Manufactured explosive weapons

UN says bombing of towns and cities must stop

New report calls for action against use of explosive weapons in populated areas

Courtesy of the International Network on Explosive Weapons (INEW)

In his latest report on the protection of civilians in armed conflict the UN Secretary-General has highlighted the civilian suffering caused by the bombing and bombardment of towns and cities. States must begin work now to set stronger international standards to protect civilians. 

3 July 2015: UN Secretary-General Ban Ki-moon has once again identified the use of explosive weapons in populated areas as a key threat to the protection of civilians. In his latest report on the protection of civilians in armed conflict, released this week, he urged states to work on a commitment to “refrain from the use of explosive weapons with wide-area effects in populated areas.”

In September, Austria will host a meeting in Vienna to commence discussions towards such a commitment, aimed at setting stronger international standards. The Secretary-General called on states to support this initiative. Since 2009 he has consistently raised concerns about this humanitarian problem, and asked states to take action.

“States must now respond to this call for action by adopting an international commitment to stop the bombing and bombardment of populated areas. It is the use of explosive weapons in populated areas that is killing civilians in today’s conflicts. The bombing of towns and cities with these weapons that affect wide areas must stop,” said Thomas Nash, coordinator of the International Network on Explosive Weapons (INEW).

There are already precedents of military forces adopting policies to limit the impact of explosive weapons on civilians. For example, in Afghanistan NATO restricted the use of airstrikes in various directives since 2008 and these policies have helped to save civilian lives.

“When explosive weapons are launched into populated areas like villages, towns, cities and camps of displaced people, there is a consistent pattern of harm to civilians,” said Roos Boer from PAX. “Death, injury, and damage to homes and public infrastructure are the immediate and foreseeable results. The longer term consequences are also devastating: civilians are denied access to shelter, education, health care and other vital infrastructure and are forced to flee. Explosive and toxic remnants left behind are a barrier to the safe return of populations and can prevent people from rebuilding their lives and livelihoods.”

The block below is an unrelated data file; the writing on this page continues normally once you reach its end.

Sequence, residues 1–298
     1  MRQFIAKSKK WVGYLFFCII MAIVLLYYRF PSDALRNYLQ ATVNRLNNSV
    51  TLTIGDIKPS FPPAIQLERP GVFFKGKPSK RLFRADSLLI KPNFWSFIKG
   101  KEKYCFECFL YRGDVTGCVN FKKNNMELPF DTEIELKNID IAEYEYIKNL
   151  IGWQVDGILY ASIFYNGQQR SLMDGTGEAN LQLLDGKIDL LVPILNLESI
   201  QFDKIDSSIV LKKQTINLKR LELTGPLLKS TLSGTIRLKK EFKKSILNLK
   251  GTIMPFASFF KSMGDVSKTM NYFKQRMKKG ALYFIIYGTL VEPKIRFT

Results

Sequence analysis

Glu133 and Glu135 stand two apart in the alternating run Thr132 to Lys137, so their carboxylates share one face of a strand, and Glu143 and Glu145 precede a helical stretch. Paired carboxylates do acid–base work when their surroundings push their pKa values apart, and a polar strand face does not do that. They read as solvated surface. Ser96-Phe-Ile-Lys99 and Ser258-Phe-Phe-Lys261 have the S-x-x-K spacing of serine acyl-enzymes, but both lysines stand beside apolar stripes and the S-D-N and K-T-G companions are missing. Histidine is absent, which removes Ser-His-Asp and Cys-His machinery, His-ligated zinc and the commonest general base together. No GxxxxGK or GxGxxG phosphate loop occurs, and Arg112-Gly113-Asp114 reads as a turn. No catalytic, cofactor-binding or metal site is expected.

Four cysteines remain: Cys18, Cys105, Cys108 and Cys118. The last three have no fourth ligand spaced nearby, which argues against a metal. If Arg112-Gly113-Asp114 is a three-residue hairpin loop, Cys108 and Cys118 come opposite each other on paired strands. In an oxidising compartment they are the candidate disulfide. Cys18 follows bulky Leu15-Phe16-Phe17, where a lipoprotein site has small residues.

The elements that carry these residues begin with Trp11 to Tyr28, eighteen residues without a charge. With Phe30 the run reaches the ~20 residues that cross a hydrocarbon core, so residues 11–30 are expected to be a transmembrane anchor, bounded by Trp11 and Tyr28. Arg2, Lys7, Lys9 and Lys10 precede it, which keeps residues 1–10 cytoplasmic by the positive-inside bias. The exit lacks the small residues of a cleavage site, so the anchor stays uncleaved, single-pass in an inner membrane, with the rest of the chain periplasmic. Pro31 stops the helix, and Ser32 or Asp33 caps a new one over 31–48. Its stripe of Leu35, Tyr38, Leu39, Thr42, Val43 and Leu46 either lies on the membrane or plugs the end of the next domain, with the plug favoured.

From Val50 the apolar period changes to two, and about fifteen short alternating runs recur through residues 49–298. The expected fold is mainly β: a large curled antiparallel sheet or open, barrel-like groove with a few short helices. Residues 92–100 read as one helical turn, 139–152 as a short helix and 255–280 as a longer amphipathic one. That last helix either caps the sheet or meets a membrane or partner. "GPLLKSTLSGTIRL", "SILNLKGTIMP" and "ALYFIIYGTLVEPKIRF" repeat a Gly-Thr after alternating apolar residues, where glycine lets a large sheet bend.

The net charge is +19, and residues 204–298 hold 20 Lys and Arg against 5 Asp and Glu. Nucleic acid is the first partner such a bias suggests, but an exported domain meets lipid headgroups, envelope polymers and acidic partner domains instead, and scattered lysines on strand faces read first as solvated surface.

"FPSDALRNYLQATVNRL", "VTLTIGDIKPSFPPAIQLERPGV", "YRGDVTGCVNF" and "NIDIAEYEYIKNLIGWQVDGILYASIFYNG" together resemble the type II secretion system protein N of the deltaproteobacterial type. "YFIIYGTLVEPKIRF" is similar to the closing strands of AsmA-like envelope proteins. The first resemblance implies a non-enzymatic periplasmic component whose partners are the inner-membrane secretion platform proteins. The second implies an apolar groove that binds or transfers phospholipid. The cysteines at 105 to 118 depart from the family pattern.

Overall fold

“The situation in Syria gives a striking illustration of the consequences of explosive weapons on civilians,” said Alma Al-Osta from Handicap International.“When we interviewed internally displaced persons in Syria, 60% of those who had new injuries from the crisis had been wounded by explosive weapons. Most of them had very severe injuries: a quarter had undergone amputations.”

Wide area effect weapons have particularly grave consequences for civilians when used in populated areas. Weapons containing a large amount of explosives, the launching of multiple munitions, or inaccurate weapons can all have wide area effects. Ending the use of these weapons in populated areas should be the most urgent task for states concerned with the protection of civilians. Human Rights Watch has described this as the single most significant act states could take to protect civilians in armed conflict.

Over 40 countries have publicly recognised this serious humanitarian problem. The UN Special Representative on children and armed conflict, the UN Emergency Relief Coordinator, the International Committee oft he Red Cross, civil society organisations and, most recently, the Human Rights Council Commission of Inquiry on Gaza have all called on parties to conflict to take measures to prevent civilian harm from the use explosive weapons in populated areas.

The latest data from Action on Armed Violence, quoted in the report, recorded at least 41,847 people killed or injured by explosive weapons in 2014. Afghanistan, Iraq, Libya, Nigeria, Gaza, Ukraine, Syria, and Yemen were highlighted in the UN report as the worst places in 2014 for the impact on civilians from explosive weapons.

“Our data has shown year after year that civilians bear the brunt of harm from explosive weapons across the world. When explosive weapons were used in populated areas in 2014, 92% of casualties were civilians. The impact on civilians is devastating, and governments must take action to address this global problem,” said Rob Perkins, lead author of the Action on Armed Violence report.

AOAV Headline casualty figures (2014)

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INEW is an NGO partnership calling for immediate action to prevent human suffering from the use of explosive weapons in populated areas. INEW was established in March 2011 and is governed by a Steering Committee of Action on Armed Violence, Handicap International, Human Rights Watch, PAX, Norwegian People’s Aid, Oxfam, Save the Children and the Women’s International League for Peace and Freedom. INEW members undertake research and advocacy to promote greater understanding of the problem and the concrete steps that can be taken to address it. INEW organisations also implement field programmes to reduce the impact of explosive weapons in affected areas.